Blog monitoring - searching for and tracking a particular brand name - is equally self-explanatory but presents a "unique" opportunity, according to Bickerton. "Research is key to the communication process and companies invest heavily in it, but this is a completely new way to find out what people think of your brand," he says. "It's even possible to spot new trends in what consumers want early enough to do something about it."

The creation of a brand blog is the most complicated area to master.

In this, as in other areas, the UK lags behind the US, where companies such as Microsoft, General Motors and Boeing run successful corporate blogs.

GM used its blog to counter claims that it was planning to ditch its Pontiac and Buick brands, while the Microsoft blogger Robert Scoble - one of about 1,500 Microsoft employees with a regular blog - has almost single-handedly managed to dispel the company's reputation as a monopolist among its all-important audience of software developers. Scoble talks a lot about industry issues, rather than just the company, and is credible because he writes about what he likes - something that he has admitted can make Microsoft's PR department want to "whack" him.

As Scoble's popularity has proved, the key to success is to be honest and steer clear of corporate-speak. Blogs should therefore be monitored, rather than pre-screened. The problem with this is the company's lack of control over what is published - cue reeling horror from corporate communications departments.

But there are ways to avoid leaking secrets or falling foul of libel laws. Clients should ensure content guidelines are in place from the start, Justin Hunt, the managing director of the blogs consultancy Itsblogs, says. That means no blogging about new products before they are released or about sensitive company information, especially for listed companies.

"A blog needs some form of moderation but if content is too moderated, it will drive people away," Bickerton adds. "Companies need to realise that negative feedback is OK - Piaggio USA is running a blog for Vespa scooters and has said it will not remove negative comments from consumers."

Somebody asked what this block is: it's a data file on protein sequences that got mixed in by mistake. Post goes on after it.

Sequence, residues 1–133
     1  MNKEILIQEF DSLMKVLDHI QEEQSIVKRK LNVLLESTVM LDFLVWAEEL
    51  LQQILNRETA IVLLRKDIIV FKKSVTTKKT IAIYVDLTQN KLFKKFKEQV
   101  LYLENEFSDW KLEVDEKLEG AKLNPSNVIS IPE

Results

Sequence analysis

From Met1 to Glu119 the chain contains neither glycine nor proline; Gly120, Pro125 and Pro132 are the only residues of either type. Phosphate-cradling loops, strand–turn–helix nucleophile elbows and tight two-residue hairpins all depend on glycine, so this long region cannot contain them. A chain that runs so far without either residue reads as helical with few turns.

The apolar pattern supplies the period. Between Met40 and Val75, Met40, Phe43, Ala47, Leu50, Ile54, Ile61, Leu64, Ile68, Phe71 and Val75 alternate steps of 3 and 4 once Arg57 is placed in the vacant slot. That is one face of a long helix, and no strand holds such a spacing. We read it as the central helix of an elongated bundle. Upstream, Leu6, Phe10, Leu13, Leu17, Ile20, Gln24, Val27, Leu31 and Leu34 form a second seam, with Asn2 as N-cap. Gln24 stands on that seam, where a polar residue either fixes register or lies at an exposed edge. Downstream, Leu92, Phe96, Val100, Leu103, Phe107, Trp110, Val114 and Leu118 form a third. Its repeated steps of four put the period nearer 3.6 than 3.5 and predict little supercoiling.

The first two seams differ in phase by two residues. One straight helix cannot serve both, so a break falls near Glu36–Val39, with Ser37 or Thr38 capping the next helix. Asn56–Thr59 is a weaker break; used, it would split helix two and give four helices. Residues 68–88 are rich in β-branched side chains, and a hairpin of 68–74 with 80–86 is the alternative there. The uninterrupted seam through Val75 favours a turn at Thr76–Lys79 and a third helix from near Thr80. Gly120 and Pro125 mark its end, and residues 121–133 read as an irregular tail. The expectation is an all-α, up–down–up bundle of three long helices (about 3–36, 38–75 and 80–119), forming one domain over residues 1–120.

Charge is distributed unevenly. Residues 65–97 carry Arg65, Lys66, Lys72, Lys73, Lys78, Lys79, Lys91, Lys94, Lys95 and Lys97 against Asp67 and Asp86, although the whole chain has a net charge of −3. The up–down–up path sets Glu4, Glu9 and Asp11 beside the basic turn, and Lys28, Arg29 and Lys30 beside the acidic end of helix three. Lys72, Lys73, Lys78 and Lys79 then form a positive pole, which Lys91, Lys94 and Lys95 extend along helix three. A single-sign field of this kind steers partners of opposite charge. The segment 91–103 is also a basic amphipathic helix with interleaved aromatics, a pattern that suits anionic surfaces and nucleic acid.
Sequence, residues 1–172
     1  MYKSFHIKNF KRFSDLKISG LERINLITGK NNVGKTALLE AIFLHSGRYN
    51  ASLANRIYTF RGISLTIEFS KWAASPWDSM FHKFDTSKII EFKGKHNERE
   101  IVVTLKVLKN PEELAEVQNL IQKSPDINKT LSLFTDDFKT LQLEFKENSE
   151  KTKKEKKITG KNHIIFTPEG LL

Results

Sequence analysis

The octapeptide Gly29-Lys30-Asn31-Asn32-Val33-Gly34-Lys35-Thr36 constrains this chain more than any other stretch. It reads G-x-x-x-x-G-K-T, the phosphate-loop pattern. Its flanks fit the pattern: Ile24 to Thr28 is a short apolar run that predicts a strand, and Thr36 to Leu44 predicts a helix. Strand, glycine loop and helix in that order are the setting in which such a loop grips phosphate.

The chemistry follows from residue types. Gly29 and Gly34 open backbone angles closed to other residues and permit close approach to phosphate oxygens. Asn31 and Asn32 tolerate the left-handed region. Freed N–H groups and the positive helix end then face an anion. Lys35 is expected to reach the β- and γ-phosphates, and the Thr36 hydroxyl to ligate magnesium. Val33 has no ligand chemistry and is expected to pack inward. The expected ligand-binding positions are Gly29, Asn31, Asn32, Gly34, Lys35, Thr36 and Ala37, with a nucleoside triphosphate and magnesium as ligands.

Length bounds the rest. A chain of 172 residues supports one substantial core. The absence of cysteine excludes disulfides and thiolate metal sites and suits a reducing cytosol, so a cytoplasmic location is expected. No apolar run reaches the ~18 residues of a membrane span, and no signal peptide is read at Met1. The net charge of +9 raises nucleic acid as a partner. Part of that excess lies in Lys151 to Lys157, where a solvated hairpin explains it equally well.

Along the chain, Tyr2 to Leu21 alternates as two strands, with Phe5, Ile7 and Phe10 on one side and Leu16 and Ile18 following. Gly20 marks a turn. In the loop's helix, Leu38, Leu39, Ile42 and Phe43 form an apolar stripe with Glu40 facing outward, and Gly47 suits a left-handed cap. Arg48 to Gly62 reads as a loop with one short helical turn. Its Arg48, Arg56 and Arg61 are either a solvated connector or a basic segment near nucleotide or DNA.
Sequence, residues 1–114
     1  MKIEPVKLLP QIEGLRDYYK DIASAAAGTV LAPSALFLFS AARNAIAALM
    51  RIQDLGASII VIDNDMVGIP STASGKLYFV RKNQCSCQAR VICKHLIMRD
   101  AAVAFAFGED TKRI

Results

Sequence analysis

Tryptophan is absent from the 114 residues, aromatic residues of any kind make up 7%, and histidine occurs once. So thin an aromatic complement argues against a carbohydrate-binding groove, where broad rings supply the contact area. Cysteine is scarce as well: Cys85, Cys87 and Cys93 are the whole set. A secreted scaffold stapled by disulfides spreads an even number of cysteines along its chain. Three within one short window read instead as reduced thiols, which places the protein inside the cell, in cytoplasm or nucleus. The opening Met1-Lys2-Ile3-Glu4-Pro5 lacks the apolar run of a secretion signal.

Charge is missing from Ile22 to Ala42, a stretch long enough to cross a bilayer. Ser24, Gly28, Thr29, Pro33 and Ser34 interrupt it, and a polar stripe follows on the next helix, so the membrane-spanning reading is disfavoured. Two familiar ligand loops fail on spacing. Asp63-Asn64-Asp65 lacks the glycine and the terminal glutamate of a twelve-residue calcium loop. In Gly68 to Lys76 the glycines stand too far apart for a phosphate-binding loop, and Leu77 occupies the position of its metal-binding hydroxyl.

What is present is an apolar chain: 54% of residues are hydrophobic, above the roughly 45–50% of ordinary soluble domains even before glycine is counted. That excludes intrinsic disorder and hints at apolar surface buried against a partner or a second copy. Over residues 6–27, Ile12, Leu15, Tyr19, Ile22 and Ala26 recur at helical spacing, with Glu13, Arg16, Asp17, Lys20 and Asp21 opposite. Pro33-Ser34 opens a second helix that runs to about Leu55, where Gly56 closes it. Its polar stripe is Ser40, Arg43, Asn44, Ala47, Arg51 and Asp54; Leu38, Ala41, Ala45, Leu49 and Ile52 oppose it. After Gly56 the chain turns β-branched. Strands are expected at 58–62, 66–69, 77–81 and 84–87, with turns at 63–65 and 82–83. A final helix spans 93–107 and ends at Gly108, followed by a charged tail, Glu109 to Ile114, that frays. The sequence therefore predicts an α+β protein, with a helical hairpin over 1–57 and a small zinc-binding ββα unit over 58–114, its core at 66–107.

Whatever you do, don't fake it - blogs that are just ad campaigns in disguise tend to backfire and alienate the audience they were trying to reach. McDonald's felt the weight of bloggers' disapproval last year when it launched a fake blog that claimed to be written by a customer who had found a French fry shaped like the head of Abraham Lincoln. As one blogger wrote: "What's the point? No-one in their right mind would believe the blog is real. So while it is not deceptive, it still stinks. The site is so very camp to begin with; the fake blog is simply trying too hard."

That said, the easiest way for a brand to learn how to get involved in blogging is to start small, perhaps by using a blog to support an ad campaign, as the games company Eidos did for the launch of Championship Manager 5.

The game has a large number of unofficial websites dedicated to it, according to Mark Iremonger, the managing director of Unit9, the digital agency behind the campaign. "We wanted the official site to be the best online community for people who play Championship Manager," he says. "It was the first time a major (UK) brand had used blogging and we integrated it so that people could own their own page on the website. If you allow a community to create content, that's an extremely powerful way to communicate with an audience."

The popularity of the blog even made monitoring easier, he adds, because users tended to self-regulate. Frequent users were given access privileges so they could monitor what was being written and remove anything libellous or otherwise contrary to guidelines set up for the site.

"The sensible approach to blogging is to start with a pilot and promote it on the main website. We're also getting enquiries from people wanting to use blogs to support specific campaigns," Hunt says. "Traditional websites have started to look like museums, whereas blogs are dynamic. They have fresh content every day, which keeps people coming back. They will not necessarily replace websites but they are complementary and within five years, most companies will have both."